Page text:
The last six-seven months have seen multiple high-level exchanges between Pakistan and Afghanistan – two neighbours whose relations have remained tense in the past years.
In November last year, Prime Minister Imran Khan made his maiden trip to Kabul while in May this year army chief General Qamar Javed Bajwa and Inter-Services Intelligence (ISI) chief Lt Gen Faiz Hameed travelled to the neighbouring country.
In between these visits, Dr Abdullah Abdulla, the head of Afghan High Peace Council, and other Afghan officials visited Islamabad. The flurry of visits helped build trust between the two countries and sort out their grievances against each other through proper channels.
The Afghan government has longstanding reservations that Pakistan may be using the Afghan Taliban as a proxy but Islamabad has its own list of grievances such as a nexus between Afghan intelligence agency and anti-Pakistan terrorist groups operating out of Afghanistan.
The idea behind the high-level visits was to reduce the trust deficit between the two estranged neighbours as efforts picked up pace for a political settlement of Afghan dispute.
But before the two countries could move to take further confidence building measures, the process came to a halt recently after Afghan National Security Adviser (NSA) Hamdullah Mohib leveled serious charges against Pakistan and called it a "brothel house" – evoking a strong reaction from Islamabad.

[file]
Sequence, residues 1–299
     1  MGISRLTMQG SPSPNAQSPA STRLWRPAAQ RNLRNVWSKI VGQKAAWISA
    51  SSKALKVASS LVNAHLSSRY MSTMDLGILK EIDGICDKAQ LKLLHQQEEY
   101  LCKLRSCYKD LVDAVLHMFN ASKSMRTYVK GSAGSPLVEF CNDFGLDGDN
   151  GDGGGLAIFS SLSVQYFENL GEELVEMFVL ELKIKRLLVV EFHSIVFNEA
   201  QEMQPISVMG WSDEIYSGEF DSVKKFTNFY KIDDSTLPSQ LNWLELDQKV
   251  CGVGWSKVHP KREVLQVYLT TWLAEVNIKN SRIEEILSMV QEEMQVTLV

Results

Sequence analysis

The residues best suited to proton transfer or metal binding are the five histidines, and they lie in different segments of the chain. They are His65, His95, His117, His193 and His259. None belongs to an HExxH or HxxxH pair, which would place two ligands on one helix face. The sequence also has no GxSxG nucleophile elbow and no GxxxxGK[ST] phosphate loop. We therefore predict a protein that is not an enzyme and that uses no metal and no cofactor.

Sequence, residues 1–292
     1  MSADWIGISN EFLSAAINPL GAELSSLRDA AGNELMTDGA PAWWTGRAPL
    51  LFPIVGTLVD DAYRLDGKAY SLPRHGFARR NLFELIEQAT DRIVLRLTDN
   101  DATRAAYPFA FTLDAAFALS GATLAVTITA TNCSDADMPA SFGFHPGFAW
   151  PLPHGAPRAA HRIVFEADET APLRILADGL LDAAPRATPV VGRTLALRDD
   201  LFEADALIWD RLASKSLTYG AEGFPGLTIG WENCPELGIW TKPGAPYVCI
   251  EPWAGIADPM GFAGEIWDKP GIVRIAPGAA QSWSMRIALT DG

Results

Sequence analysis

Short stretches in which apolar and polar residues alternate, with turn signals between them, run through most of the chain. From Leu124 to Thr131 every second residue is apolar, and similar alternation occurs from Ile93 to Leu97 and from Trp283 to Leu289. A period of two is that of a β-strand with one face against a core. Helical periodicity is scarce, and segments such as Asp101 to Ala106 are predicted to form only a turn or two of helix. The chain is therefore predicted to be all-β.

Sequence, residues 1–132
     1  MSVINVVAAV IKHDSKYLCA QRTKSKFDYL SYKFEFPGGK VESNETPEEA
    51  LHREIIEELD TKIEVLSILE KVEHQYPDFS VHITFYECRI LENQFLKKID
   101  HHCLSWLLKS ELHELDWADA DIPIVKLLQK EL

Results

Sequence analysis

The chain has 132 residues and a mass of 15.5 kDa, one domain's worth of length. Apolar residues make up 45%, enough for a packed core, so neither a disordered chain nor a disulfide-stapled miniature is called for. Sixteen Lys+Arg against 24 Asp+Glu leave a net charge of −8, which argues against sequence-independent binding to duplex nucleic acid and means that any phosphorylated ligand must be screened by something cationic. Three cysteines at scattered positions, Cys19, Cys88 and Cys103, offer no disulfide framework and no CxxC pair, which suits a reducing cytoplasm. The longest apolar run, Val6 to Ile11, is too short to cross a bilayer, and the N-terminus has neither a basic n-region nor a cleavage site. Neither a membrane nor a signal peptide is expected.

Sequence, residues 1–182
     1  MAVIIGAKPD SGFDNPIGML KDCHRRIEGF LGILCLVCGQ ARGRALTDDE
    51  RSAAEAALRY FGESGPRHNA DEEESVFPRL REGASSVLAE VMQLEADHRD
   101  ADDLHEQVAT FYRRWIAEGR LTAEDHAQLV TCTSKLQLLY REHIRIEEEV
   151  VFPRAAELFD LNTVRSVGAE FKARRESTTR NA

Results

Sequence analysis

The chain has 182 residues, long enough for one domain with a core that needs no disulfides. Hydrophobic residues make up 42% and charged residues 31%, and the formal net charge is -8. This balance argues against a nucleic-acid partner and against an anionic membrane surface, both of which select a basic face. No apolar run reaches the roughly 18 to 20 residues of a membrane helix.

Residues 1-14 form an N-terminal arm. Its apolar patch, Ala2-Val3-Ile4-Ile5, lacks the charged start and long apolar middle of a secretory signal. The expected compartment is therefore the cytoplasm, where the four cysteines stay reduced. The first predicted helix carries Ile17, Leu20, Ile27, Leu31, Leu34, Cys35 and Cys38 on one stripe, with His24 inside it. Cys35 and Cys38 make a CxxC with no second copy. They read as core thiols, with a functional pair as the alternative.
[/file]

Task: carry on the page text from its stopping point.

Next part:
All the good work done in the recent months has been undone by this unwarranted statement of the Afghan NSA," said a Ministry of Foreign Affairs official while speaking on condition of anonymity.
"There is a diplomatic crisis between the two countries at the moment," he added.
Pakistan, furious over the Afghan NSA’s diatribe, has decided to sever all official links with him. "And this has been conveyed to Afghanistan in unequivocally terms," said another official.
On Sunday, an otherwise soft-spoken foreign minister, Shah Mehmood Qureshi, launched a scathing counter attack against the Afghan NSA at a public meeting in Multan.
"Afghan National Security Adviser, listen carefully! No Pakistani will shake hands or engage with you if you don't stop uttering derogatory remarks against Pakistan,” Qureshi said.
"You equate Pakistan with a brothel house. Shame on you," Qureshi added. "My blood has been boiling ever since you uttered these words." He went on to say that the Afghan NSA is in fact a spoiler who never wants peace in Afghanistan.
Pakistan believes that the Afghan NSA represents the Indian lobby. Officials at the foreign ministry are also skeptical about the role of Afghan President Ashraf Ghani.
The diplomatic spat between the two neighbours comes at a time when Afghanistan is facing a precarious situation amid the foreign forces withdrawal without any peace deal in sight. In the absence of a political settlement, Afghanistan can potentially face another cycle of civil war.
Prime Minister Imran Khan also recently expressed concerns over the negative fallout of the Afghan unrest on Pakistan.
He said Pakistan is trying to prevent such a scenario along with other countries.
He said Pakistan wants some kind of deal before the last US soldier leaves Afghanistan. But observers are not hopeful about any political settlement given the stalemate in the Intra-Afghan dialogue.